Paulette Barbee, Administrator of the Estate of Kimberly Hope Gillock Plaintiff - Appellant
Big River Steel, LLC Defendant-Appellee
Submitted: April 19, 2019
from United States District Court for the Eastern District of
Arkansas - Jonesboro Division
SHEPHERD, MELLOY, and GRASZ, Circuit Judges.
Barbee, Administrator of the Estate of Kimberly Hope Gillock
(formerly known as Kim Pierce), appeals the district
court's order modifying the attorney fees in the
parties' settlement agreement. Because the district court
lacked authority to review the settled attorney fees, we
vacate that portion of its judgment.
Pierce filed a proposed class action against Big River Steel,
LLC ("Big River Steel") for unpaid overtime wages.
She asserted claims under both the Fair Labor Standards Act
("FLSA"), 29 U.S.C. §§ 201-219, and the
Arkansas Minimum Wage Act, Ark. Code Ann. §§
11-4-201 to -222.
and Big River Steel reached a settlement and filed a joint
status report notifying the court they had settled and would
soon file a voluntary dismissal. The court ordered the
parties to submit the settlement for approval, including the
proposed agreement and any attorney billing records. The
reviewing the parties' settlement agreement, the district
court disapproved of both the settlement of the wage claims
and the settled amount of attorney fees for independent
reasons. Pierce passed away shortly thereafter, and the court
stayed the case until it could substitute her estate for her
as a party.
as the estate's administrator, and Big River Steel
submitted a new agreement addressing only the district
court's concerns on the wage settlement. The district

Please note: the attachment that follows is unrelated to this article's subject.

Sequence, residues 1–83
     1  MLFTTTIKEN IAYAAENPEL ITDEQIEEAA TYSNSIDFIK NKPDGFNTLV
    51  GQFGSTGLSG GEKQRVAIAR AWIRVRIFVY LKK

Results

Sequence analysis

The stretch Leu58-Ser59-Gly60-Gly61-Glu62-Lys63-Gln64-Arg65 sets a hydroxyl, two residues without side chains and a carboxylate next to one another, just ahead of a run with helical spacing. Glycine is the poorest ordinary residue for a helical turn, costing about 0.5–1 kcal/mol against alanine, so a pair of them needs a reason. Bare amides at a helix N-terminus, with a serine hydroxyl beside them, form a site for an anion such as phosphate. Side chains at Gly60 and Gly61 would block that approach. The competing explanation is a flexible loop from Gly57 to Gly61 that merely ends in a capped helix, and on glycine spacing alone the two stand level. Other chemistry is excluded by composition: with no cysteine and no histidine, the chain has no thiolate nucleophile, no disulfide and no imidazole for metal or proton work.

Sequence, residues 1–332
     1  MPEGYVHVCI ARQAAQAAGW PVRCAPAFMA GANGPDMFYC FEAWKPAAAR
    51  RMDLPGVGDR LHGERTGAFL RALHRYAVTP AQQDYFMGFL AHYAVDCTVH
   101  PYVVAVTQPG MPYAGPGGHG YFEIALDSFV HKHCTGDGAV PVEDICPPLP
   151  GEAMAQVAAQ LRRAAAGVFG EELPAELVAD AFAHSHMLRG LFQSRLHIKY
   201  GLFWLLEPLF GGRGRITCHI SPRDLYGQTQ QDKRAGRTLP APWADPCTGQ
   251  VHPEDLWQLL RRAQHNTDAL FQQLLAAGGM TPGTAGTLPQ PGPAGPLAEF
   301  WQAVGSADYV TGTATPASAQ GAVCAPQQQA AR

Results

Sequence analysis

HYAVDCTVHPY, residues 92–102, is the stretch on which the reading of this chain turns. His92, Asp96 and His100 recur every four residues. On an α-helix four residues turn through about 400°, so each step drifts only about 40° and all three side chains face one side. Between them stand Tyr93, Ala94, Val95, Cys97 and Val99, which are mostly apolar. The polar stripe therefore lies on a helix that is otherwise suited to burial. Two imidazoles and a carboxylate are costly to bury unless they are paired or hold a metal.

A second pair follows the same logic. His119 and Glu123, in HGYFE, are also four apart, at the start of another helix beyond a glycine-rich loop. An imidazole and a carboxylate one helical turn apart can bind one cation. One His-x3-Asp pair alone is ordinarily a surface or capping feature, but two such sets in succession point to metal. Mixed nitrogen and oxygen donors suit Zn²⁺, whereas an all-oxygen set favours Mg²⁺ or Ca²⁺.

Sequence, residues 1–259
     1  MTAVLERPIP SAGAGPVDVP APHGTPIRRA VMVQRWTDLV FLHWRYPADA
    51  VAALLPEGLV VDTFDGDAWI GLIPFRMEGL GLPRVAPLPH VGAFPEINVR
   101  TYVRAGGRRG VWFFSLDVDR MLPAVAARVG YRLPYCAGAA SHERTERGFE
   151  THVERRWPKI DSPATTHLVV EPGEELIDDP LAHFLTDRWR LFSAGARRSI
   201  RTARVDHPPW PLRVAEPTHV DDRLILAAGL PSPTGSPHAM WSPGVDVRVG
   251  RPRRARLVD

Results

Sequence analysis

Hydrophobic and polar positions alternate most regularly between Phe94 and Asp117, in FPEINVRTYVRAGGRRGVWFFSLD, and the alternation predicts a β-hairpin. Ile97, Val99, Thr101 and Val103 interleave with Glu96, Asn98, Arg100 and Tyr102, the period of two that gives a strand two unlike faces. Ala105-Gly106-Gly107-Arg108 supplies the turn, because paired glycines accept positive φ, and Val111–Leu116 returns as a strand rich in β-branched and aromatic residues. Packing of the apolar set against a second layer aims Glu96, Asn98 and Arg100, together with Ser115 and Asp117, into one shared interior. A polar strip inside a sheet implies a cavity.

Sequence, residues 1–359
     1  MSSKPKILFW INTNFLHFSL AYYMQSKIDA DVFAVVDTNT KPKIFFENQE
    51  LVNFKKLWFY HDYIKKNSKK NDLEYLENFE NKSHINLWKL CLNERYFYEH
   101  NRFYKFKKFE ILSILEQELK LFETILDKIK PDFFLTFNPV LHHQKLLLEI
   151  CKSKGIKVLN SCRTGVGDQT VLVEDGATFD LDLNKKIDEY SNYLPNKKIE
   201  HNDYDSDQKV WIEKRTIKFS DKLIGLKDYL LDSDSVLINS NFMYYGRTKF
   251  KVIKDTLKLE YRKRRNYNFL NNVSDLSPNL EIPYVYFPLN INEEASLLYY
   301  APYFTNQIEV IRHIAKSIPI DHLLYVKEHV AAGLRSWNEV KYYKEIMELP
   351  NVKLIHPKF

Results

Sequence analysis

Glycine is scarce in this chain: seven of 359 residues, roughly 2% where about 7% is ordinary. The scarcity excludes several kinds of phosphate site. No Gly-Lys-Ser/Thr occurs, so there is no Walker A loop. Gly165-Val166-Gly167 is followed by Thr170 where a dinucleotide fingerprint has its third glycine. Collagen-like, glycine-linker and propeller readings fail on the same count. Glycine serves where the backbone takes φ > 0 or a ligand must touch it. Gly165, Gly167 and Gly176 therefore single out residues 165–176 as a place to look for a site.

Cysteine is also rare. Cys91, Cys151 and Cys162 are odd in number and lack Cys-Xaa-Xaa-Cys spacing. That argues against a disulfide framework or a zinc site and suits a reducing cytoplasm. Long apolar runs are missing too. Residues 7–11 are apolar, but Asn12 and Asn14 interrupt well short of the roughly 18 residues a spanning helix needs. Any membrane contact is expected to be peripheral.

court then approved of the new wage settlement, again
disapproved of the amount of attorney fees, and entered a
judgment with the full wage settlement amount and a reduced
attorney fee amount. Barbee appeals, and Big River Steel does
not contest the appeal.
argues on appeal that any required review of the settlement
agreement did not extend to settled attorney fees. We
recently addressed the standard of review for settled
attorney fees under the assumption that district courts have
authority to review them. See Melgar v. OK Foods,
902 F.3d 775, 779 (8th Cir. 2018). Barbee asks a question we
left open in Melgar: whether the authority to review
FLSA settlements, or at least review settled attorney fees,
exists at all.
is a circuit split on whether to extend older Supreme Court
cases so as to require judicial approval of all FLSA
settlements. A pair of cases from the 1940s require judicial
approval for some releases of FLSA claims, but those cases
left open the question of whether the FLSA requires judicial
approval to settle bona fide disputes over hours worked or
wages owed. See D.A. Schulte, Inc., v. Gangi, 328
U.S. 108, 114 & n.10 (1946); Brooklyn Sav. Bank v.
O'Neil, 324 U.S. 697, 703-04, 714 (1945). The Fifth
Circuit would not extend Gangi and
O'Neil to require judicial approval of all FLSA
settlements, but the Second and Eleventh Circuits disagree.
Compare Martin v. Spring Break '83 Prods., LLC,
688 F.3d 247, 255 (5th Cir. 2012) (enforcing a settlement of
bona fide FLSA disputes over hours worked or wages owed
without judicial or Department of Labor approval), with
Cheeks v. Freeport Pancake House, Inc., 796 F.3d 199,
206 (2d Cir. 2015) (holding parties cannot settle FLSA claims
without approval from the district court or the Department of
Labor), and Lynn's Food Stores, Inc. v. United
States, 679 F.2d 1350, 1352-53 (11th Cir. 1982) (same).
See also Martinez v. Bohls Bearing Equip. Co., 361
F.Supp.2d 608, 618-31 (W.D. Tex. 2005) (extensively reviewing
the history behind this statutory interpretation dispute).
never taken a side on this issue. We have noted the Eleventh
Circuit's opinion, see Beauford v. ActionLink,
LLC, 781 F.3d 396, 405-06 (8th Cir. 2015); Copeland
v. ABB, Inc., 521 F.3d 1010, 1014 (8th Cir. 2008), but
we have never had occasion to interpret ...